CAPE CANAVERAL, Fla. -- With its long-awaited mission to fix the Hubble Space Telescope just 10 weeks away, NASA is not sure the replacement parts are ready to fly.
Two dozen optics experts gathered yesterday at Goddard Space Flight Center in Greenbelt, Md., to determine whether discrepancies in previous tests were the fault of the test equipment or the two replacement instruments, which have already been shipped to Kennedy Space Center for launch aboard a space shuttle Dec. 2.
"We can't understand the problem," said Dennis McCarthy, deputy project manager for the Hubble repair mission.
Mr. McCarthy said NASA would not launch the shuttle Endeavour with the replacement parts aboard until the test data was thoroughly understood. "It will be resolved," he said yesterday.
The $1.5 billion Hubble telescope was placed in orbit by a NASA shuttle in 1990 with a flaw in its primary mirror. It was later determined that the mistake hadn't been discovered while the telescope was still on the ground because of faulty test equipment.
As a result, the telescope can't focus properly. The replacement parts built for the repair mission are designed to correct the flaw and eliminate the telescope's blurry vision.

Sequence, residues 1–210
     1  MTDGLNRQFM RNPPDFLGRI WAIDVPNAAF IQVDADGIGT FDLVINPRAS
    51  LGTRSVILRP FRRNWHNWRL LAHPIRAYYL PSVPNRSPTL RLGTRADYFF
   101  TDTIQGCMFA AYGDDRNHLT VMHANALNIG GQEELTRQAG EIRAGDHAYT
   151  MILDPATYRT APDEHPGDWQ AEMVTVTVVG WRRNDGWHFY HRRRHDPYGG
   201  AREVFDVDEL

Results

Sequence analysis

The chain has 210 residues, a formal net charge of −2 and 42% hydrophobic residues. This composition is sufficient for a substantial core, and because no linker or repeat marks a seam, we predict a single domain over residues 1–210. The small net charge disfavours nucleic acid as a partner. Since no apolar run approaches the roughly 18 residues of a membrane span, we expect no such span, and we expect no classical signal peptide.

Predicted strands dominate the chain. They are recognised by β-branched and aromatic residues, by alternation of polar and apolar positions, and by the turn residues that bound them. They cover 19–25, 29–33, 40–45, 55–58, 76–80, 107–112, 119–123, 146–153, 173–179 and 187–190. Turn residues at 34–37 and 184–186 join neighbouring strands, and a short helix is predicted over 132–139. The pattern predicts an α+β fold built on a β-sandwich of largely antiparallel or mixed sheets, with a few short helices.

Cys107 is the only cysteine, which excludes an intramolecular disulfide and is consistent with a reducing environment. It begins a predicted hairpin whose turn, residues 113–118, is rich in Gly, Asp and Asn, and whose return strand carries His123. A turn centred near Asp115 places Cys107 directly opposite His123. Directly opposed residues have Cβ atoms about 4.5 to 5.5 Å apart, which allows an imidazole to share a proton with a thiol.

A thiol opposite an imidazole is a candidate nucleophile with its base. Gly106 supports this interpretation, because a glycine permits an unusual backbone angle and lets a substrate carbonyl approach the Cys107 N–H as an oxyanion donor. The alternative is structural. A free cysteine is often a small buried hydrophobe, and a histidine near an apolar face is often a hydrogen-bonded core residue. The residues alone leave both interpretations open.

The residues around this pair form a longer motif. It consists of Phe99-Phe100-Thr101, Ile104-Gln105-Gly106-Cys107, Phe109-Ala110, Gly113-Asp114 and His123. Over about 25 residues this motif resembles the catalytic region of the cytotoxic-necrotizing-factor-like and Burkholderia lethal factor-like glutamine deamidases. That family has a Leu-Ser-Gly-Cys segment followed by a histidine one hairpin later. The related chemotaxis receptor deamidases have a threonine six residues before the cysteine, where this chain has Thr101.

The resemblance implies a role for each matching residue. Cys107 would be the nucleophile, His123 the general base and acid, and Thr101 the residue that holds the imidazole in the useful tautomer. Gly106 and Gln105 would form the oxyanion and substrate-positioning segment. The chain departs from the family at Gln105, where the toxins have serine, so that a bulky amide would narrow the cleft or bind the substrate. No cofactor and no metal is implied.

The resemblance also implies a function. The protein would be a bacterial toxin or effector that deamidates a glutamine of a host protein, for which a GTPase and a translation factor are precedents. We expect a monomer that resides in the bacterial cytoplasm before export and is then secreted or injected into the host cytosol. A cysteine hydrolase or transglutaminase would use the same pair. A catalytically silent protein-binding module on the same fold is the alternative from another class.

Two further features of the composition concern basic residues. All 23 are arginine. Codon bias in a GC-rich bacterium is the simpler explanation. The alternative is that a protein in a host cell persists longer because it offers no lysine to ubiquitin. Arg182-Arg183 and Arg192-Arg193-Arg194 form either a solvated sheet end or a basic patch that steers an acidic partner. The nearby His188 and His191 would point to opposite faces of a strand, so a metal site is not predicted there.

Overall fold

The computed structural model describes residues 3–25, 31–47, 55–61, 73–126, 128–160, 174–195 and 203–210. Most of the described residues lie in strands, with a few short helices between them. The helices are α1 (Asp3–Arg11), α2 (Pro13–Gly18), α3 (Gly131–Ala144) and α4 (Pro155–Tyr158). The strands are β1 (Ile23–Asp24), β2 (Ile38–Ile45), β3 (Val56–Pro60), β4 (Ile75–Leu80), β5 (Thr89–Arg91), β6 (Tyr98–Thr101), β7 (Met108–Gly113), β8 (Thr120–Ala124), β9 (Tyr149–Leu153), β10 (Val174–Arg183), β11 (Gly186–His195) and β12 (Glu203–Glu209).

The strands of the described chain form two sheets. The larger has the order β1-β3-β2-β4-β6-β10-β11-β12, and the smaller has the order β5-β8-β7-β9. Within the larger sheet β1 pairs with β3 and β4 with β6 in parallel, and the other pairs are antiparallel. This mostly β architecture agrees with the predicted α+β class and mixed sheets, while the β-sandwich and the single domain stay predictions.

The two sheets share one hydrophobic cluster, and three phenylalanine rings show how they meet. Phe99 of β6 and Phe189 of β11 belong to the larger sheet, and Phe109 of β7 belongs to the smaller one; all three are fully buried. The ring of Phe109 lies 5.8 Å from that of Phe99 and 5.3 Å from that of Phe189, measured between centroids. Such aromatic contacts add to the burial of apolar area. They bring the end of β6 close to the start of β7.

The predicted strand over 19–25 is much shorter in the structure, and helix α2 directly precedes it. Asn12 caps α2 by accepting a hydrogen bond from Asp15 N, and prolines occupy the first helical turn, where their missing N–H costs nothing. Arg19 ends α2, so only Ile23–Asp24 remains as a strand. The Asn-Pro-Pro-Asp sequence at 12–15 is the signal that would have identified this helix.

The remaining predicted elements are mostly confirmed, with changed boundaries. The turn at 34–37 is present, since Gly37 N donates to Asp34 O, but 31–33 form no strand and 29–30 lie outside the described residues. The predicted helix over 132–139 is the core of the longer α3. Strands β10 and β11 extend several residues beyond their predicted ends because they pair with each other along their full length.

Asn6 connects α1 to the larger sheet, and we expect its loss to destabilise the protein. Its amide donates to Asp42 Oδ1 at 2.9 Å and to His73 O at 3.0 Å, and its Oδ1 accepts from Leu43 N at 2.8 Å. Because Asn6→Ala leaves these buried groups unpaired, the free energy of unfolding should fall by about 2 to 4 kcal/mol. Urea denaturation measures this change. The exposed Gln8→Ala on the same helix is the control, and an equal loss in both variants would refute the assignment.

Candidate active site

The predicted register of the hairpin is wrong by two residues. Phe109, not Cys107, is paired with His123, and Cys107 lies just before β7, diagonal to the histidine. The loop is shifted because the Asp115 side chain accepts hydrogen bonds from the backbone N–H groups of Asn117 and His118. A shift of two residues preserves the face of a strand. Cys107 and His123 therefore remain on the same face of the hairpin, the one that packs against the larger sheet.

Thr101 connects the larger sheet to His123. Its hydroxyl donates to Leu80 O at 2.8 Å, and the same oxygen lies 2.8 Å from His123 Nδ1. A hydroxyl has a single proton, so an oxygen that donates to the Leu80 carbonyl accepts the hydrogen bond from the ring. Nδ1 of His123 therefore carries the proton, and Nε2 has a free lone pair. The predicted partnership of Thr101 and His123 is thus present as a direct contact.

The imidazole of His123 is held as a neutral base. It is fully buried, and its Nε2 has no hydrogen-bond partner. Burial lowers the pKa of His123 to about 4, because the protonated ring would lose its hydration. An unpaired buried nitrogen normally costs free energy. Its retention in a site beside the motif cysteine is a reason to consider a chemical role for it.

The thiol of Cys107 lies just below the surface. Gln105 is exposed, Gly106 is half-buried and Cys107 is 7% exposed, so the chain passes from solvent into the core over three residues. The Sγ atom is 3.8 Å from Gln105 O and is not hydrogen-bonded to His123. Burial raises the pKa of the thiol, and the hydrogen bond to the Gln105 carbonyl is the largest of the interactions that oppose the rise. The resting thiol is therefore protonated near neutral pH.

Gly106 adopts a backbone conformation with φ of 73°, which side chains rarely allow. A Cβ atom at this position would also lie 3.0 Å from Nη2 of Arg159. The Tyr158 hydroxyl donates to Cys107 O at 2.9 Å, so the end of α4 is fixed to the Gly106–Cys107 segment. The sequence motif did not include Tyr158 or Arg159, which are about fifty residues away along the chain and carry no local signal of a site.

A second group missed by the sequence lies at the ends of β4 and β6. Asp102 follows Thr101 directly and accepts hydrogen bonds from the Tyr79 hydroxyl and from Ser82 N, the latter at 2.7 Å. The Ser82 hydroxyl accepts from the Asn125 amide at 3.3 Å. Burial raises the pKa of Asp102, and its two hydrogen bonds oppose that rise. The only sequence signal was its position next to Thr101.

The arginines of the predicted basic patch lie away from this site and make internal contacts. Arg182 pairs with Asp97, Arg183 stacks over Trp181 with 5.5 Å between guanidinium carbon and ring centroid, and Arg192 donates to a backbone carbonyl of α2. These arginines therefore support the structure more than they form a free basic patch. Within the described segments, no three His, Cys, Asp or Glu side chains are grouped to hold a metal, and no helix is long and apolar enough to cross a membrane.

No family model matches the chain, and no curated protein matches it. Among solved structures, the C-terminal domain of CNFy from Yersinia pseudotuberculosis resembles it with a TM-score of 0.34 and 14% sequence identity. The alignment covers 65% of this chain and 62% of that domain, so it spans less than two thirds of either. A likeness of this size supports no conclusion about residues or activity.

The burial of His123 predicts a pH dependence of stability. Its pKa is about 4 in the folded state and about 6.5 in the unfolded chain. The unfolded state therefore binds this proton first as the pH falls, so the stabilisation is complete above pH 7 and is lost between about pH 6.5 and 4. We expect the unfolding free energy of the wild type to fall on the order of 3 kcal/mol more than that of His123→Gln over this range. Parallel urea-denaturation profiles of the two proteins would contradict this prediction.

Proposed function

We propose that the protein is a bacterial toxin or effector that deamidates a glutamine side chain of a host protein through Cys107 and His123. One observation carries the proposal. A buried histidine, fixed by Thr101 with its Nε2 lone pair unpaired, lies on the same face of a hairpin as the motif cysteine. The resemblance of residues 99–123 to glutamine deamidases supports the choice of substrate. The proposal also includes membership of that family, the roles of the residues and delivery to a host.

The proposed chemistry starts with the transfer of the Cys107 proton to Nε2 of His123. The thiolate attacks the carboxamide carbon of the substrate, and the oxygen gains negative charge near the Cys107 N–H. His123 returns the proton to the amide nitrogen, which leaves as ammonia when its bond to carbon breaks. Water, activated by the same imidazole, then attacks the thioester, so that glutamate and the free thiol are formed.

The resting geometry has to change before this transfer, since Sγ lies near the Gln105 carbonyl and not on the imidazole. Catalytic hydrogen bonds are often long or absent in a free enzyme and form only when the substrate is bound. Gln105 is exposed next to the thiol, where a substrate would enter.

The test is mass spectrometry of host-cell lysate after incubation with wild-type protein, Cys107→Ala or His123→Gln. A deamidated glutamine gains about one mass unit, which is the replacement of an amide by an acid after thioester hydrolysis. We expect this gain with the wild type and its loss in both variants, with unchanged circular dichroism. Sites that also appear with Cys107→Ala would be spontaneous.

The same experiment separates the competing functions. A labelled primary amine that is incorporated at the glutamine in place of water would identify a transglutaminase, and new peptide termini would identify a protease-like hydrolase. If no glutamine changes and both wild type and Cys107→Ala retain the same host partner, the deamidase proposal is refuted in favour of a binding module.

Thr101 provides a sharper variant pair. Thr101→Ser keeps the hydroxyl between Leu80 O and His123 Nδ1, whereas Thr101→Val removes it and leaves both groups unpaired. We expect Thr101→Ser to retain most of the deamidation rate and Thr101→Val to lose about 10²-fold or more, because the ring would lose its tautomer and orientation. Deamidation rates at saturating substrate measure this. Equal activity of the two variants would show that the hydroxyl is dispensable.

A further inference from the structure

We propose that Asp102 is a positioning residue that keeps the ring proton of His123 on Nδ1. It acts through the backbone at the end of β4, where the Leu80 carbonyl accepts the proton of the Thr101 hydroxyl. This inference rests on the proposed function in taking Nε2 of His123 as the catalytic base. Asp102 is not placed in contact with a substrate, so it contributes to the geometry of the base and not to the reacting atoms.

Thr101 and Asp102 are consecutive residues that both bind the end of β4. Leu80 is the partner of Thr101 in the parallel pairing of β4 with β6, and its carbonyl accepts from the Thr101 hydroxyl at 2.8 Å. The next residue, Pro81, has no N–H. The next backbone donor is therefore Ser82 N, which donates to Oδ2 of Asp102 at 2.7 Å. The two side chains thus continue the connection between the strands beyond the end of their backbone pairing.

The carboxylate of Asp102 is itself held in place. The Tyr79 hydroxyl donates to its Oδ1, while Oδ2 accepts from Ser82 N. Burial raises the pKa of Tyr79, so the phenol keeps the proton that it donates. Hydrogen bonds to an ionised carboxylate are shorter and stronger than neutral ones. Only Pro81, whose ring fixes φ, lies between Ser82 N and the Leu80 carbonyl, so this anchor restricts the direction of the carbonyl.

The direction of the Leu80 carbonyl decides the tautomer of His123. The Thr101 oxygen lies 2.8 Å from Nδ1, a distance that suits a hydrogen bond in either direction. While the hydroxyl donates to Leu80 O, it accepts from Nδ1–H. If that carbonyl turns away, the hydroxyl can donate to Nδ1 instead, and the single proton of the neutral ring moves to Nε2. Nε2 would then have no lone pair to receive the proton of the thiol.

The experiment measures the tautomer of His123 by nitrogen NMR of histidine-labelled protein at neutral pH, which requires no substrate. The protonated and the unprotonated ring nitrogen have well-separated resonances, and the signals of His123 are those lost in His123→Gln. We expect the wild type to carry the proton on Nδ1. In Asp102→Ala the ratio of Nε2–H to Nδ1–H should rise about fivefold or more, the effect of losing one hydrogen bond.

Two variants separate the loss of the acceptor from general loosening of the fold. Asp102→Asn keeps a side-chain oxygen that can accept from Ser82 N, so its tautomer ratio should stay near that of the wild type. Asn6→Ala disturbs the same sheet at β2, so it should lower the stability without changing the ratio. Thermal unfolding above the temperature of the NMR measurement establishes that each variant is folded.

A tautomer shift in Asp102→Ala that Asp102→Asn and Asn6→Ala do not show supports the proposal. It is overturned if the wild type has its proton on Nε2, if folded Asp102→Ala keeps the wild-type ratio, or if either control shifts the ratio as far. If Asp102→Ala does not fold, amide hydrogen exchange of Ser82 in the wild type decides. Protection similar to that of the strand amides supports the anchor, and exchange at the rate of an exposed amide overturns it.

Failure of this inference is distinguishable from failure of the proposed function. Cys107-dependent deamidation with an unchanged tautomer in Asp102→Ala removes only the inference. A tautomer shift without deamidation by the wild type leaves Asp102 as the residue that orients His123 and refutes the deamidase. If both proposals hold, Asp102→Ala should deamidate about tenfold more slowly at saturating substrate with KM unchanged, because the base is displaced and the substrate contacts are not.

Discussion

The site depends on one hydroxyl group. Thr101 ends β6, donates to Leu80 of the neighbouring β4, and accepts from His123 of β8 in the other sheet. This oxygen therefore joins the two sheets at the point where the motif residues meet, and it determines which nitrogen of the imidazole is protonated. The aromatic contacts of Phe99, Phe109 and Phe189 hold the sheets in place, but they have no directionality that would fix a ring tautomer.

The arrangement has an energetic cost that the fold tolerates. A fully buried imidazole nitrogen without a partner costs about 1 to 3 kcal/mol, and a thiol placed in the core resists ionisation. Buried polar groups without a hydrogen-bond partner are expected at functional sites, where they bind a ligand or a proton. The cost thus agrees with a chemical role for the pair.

NASA is worried that mirrors in the two replacement instruments -- the large Corrective Optics Space Telescope Axial Replacement and the smaller Wide-Field/Planetary Camera -- won't focus light from the flawed primary mirror to the same point, or focal plane.
Both parts are to be installed by astronauts during an 11- to 13-day flight that could include as many as five to seven spacewalks.
The wide-field camera would replace one already on Hubble, while the other instrument, known as COSTAR, would slide in between the main mirror and other instruments to intercept and correct the distorted light.
The problem, Mr. McCarthy said, is that tests conducted before the instruments left Goddard for the space center could mean that the focal lengths for the wide-field camera and COSTAR -- the distance from the mirrors to the point at which the light comes into focus -- are not close enough to each other to be adjusted by remote control once repairs are made.
On the other hand, the data might be the result of a flaw in the test equipment or in the way the tests were conducted, Mr. McCarthy said -- the more likely explanation, he added.
In either case, he said, agency managers want to know for sure before the instruments are placed aboard Endeavour and launched into a 370-mile-high orbit, beyond the reach of Goddard engineers.
NASA managers may decide as early as today or this weekend whether one of the instruments must go back to Goddard for another set of tests, Mr. McCarthy said.